Our attitude towards immigration reflects our faith in the American ideal. We have always believed it possible for men and women who start at the bottom to rise as far as their talent and energy allow. Neither race nor place of birth should affect their chances. —Robert F. Kennedy
You, who are so-called illegal aliens, must know that no human being is illegal. That is a contradiction in terms. Human beings can be beautiful or more beautiful, they can be fat or skinny, they can be right or wrong, but illegal? How can a human being be illegal? —Elie Wiesel
We share [Dr. King’s] dream that all people — regardless of their race, gender, or immigration or economic status — be treated equally, fairly, and humanely… that all people have equal access to justice, education, government resources and economic opportunities, and are able to achieve their full potential as human beings. —Marielena Hincapié
This past January, set against the celebration of Dr. King’s 89th birthday, the most prominent story in the news centered on what would happen to the nation’s “dreamers” – the 800,000 or so “alien” minors protected under DACA (Deferred Action for Childhood Arrivals).
Tensions surrounding this debate were exacerbated by profane and abhorrent language from the White House, which specifically disparaged nations such as Haiti and Nigeria. A few months later, we learned that at least 2,500 immigrant children from Latin America had been detained and separated from their parents at the U.S. Border, and then sent to detention centers as far away as Chicago, New York, San Francisco, Portland and Seattle.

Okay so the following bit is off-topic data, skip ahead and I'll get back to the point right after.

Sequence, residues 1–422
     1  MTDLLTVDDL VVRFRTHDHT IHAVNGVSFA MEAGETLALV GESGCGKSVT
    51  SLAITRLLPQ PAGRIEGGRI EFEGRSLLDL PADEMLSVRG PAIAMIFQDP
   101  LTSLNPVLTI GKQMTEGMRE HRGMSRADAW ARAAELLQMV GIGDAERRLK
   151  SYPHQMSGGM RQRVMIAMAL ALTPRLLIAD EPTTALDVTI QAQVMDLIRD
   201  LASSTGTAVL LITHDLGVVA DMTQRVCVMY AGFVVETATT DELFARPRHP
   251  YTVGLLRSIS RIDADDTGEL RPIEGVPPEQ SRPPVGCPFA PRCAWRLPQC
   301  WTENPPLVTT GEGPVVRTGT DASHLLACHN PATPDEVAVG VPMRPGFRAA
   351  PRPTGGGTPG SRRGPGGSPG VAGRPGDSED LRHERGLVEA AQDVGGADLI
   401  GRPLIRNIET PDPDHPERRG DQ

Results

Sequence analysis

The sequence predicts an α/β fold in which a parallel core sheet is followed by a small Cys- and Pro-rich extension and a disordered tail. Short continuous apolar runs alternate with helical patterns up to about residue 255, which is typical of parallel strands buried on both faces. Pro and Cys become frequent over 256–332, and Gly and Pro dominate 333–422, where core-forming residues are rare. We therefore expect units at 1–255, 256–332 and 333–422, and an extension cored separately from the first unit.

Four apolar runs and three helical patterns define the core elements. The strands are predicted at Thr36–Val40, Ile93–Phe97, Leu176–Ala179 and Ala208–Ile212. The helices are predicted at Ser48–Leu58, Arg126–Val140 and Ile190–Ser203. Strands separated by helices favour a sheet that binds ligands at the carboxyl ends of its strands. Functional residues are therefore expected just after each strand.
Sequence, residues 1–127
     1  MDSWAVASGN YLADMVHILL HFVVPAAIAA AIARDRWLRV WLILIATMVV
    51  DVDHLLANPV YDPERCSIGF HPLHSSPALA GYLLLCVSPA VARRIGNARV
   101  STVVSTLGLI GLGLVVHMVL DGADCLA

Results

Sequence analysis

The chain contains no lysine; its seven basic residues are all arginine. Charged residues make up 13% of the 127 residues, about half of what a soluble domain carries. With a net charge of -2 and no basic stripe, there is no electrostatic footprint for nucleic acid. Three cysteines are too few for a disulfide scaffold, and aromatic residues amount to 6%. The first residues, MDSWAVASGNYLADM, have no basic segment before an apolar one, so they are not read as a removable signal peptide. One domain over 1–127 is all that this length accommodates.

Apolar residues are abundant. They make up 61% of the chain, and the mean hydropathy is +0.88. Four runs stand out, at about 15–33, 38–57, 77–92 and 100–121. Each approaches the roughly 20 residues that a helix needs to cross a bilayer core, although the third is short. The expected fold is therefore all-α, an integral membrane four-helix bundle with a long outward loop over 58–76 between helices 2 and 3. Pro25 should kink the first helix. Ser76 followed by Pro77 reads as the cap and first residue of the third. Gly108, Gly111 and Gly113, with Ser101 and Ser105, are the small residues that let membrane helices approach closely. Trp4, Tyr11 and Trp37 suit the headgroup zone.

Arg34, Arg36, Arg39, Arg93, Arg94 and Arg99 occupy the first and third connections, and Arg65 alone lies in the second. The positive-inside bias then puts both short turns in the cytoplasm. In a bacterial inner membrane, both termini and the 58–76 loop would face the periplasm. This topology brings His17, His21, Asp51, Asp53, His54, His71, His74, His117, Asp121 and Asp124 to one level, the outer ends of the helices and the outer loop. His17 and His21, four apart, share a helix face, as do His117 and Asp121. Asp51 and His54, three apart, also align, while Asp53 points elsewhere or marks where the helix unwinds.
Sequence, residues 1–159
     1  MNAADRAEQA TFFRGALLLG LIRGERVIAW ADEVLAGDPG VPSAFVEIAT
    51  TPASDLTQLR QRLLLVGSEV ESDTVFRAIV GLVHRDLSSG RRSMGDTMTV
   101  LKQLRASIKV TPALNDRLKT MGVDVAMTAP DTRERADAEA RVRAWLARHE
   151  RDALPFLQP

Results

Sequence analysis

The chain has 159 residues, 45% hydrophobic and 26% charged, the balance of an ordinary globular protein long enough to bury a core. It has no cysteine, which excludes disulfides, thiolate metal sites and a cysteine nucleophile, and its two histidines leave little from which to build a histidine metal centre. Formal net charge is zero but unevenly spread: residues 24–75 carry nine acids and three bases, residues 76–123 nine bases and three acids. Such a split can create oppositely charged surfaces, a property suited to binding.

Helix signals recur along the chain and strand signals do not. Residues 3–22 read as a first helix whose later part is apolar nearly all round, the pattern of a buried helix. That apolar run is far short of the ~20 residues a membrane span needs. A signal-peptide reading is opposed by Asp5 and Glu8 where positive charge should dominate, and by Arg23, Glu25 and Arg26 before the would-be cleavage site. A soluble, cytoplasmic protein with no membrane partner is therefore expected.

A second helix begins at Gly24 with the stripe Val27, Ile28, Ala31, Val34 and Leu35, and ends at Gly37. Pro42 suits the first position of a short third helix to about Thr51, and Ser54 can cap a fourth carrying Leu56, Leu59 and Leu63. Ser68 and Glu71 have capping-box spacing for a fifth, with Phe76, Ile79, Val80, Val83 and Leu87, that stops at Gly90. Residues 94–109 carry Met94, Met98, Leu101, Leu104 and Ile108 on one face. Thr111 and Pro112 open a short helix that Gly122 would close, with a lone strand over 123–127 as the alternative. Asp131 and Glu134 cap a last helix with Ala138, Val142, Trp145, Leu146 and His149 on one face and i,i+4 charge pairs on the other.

As a number of other stories are dominating the news cycle today, we aren’t hearing as much about the fate of America’s immigrants. Still, we do know there are as many as 500 children who are currently separated from their parents (and may never be reunited).
Moreover, as Newsweek reported earlier this month, there are nearly 13,000 immigrant children currently being held in U.S. detention facilities, which is an all-time record. And finally, the long-term fate of America’s dreamers is still up in the air.
It is critical to keep these issues front and center. And, it is equally important that we understand the indelible impact of immigrants on our history and culture.
The debate over immigration in America, “illegal” or otherwise, is as old as the republic itself. The likes of Thomas Paine, George Washington and Thomas Jefferson addressed the virtues of immigration in the late 18th century, as would many who followed in their footsteps.
And, as President Barack Obama noted during a July 2012 naturalization ceremony, “The lesson of these last 236 years is clear – immigration makes America stronger. Immigration makes us more prosperous. And, immigration positions America to lead in the 21st century.”
Research reflects this sentiment and reveals the extraordinary contributions that immigrants have made and continue to make in this country today. For example, the Small Business Administration finds that immigrants are significantly more likely to start their own businesses and create jobs for themselves and others.